As India’s economic growth story takes a pause due to adverse global factors and demonetization, pay hikes will for the first time in a decade, barring the abnormal 2009, dip to single- digit zone this year.
A research report brought out by human resource (HR) consultancy firm Aon Hewitt – 21st Annual India Salary Increase Survey – reveals that the average salary rise in the current year will drop to 9.5% from 10.2% last year primarily due to Brexit, changes in the US government, reduction in start-up funding and demonetization.
But the bad news does not end there. If you were to adjust this average rate of increment against the average consumer price index (CPI) or retail inflation of 3.5% then it further dwindles to 6%.
The worst-case scenario is if Aon’s forecast of average salary increase is adjusted with Reserve Bank of India’s (RBI) inflation analysis number of 8.3%, then an employee’s real pay hike would get further crimped to just 1.2%.
Anandorup Ghose, partner, Aon Hewitt India, said while the trend could be taken as “graying of salary increases in India” as it came of age, he was not sure if it was just a “blip” due to demonetization and other factors.
“The macro question remains if this (single-digit salary rise) represents a blip or a trend,” he said.
According to him, the latest salary rise number had tumbled into single digit zone because it was broad-based with no industry or sector to prop it up.
Over the last few years, e-commerce and tech firms that had got huge funding from investors had kept the Indian pay numbers high. This year, Ghose said, that push from any sector was missing.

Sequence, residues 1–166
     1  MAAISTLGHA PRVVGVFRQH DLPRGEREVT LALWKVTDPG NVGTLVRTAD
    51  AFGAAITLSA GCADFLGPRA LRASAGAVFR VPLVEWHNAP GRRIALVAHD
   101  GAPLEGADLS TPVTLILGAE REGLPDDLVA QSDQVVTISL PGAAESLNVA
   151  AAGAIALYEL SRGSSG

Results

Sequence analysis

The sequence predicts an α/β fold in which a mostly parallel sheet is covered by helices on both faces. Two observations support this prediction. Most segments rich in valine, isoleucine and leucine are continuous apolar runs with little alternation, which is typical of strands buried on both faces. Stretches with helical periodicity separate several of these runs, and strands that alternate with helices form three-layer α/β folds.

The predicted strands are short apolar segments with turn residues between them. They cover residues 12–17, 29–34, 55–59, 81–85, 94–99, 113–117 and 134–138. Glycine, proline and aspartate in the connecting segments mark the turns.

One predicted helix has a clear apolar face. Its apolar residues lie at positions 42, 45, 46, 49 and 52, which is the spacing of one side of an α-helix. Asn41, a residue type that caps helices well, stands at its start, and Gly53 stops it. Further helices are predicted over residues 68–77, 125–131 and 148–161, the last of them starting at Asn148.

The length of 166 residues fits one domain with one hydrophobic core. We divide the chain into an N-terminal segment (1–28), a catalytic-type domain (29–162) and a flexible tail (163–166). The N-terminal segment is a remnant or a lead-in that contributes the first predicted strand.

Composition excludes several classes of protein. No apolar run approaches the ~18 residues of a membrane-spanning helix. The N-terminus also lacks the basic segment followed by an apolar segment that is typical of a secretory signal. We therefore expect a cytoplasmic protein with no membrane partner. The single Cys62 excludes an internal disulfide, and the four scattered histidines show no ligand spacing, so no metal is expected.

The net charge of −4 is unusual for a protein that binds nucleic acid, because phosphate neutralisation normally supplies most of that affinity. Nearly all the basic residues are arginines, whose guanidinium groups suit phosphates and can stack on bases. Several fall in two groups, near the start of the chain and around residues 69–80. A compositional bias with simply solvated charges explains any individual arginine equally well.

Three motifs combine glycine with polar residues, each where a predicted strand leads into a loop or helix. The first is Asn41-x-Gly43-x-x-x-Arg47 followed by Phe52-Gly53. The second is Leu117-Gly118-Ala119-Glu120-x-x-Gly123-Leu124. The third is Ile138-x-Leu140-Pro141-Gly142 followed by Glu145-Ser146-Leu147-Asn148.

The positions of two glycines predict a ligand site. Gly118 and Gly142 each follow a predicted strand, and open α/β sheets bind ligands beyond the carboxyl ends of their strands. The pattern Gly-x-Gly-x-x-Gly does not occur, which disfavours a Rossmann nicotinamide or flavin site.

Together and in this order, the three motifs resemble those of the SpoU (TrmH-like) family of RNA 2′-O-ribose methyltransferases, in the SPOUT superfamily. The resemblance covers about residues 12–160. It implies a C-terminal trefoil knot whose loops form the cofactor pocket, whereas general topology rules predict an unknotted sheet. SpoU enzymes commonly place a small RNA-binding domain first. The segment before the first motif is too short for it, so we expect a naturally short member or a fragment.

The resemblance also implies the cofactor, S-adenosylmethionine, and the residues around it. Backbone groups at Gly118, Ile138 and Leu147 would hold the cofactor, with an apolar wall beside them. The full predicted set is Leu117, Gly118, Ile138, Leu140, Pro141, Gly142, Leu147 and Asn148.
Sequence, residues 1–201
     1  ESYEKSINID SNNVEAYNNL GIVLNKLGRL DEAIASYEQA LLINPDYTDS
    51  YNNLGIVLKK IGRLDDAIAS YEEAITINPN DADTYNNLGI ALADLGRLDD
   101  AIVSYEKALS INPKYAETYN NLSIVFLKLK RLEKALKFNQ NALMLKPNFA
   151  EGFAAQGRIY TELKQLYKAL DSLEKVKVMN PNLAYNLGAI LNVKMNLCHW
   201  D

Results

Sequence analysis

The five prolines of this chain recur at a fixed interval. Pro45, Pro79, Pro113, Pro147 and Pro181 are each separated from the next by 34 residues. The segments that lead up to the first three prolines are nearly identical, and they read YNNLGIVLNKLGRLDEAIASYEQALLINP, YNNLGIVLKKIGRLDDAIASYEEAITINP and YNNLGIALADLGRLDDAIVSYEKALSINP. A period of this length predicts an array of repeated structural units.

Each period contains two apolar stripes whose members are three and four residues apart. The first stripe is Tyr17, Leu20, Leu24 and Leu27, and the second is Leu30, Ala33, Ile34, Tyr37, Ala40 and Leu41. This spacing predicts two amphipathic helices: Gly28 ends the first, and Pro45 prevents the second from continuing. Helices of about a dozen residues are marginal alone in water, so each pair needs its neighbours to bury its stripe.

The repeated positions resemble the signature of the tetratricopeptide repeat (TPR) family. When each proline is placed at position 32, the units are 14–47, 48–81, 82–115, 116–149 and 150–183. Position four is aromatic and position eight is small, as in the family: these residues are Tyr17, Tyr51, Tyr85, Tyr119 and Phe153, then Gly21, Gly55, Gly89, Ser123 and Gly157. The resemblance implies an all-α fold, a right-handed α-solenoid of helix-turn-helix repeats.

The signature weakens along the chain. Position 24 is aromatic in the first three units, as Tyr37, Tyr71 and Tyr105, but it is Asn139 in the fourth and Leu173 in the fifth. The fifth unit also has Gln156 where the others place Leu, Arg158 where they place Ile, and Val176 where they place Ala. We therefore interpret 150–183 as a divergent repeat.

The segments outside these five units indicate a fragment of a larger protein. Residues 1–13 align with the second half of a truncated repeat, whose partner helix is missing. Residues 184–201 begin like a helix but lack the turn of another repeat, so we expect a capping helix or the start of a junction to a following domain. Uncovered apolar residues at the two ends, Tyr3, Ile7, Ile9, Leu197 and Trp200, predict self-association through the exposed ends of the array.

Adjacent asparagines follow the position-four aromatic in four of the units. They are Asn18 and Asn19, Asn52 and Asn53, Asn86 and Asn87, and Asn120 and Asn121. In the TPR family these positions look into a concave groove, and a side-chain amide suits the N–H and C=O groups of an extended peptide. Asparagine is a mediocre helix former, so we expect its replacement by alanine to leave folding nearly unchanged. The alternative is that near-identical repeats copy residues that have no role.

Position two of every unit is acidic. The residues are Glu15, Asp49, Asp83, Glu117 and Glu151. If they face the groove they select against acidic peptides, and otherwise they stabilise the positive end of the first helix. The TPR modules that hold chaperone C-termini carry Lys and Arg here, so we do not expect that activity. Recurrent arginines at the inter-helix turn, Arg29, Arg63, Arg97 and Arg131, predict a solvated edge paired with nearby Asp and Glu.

Suchita Dutta, executive director of the Indian Staffing Federation, whose firm is predicting increments in the range of single digit to 10%-11% in 2017, said the declining trend in pay hikes has been visible since 2008-09.
“From 2008-09, that has been the case as the economy has been impacted due to a slowdown in global growth. Gone are the days when companies were doling out hikes as high as 20%, 25% 15% ..,” she said.
The heartening news is that “key talents” would continue to command higher annual raises as the variable components of their salaries go up.
“We are seeing pay differentiation between top and average performers increase. This means that salaries of average performers in an organisation will get impacted but the best performers will continue to get rewarded with good hikes,” he said.
Sector-wise, Aon projects that consumer internet companies (12.4%) would offer the highest raise followed by life sciences (11.3%), professional services (10.9%), chemicals (10.3%), entertainment media (10.3%), automobile (10.3%) and consumer products (10.2%).
Real estate and infrastructure sector, which were at the top only a few years back, has been the most hit as it has slipped to twelfth position in this year’s outlook of salary jump. Pays in cement (7.6%) and telecom industries (8.9%) will also grow at sub-10% as price and cost pressures push profits down.
Ghose does not expect salary rises to return to double digit anytime soon. Interestingly, he said hikes for Indian employees are likely to go down not because of an oversupply of the qualified or skilled workforce but because businesses are not doing well.
And as pay hikes trend southward, overall attrition rates have also cooled down but there was a divergent trend in the top performers’ segment of employees who were job-hopping more than before. Within the broad attrition number, involuntary attrition or employees fired by companies has shot up to 20% from 17%.
Even at 9.5% average salary increase, India’s number was the highest in APAC region.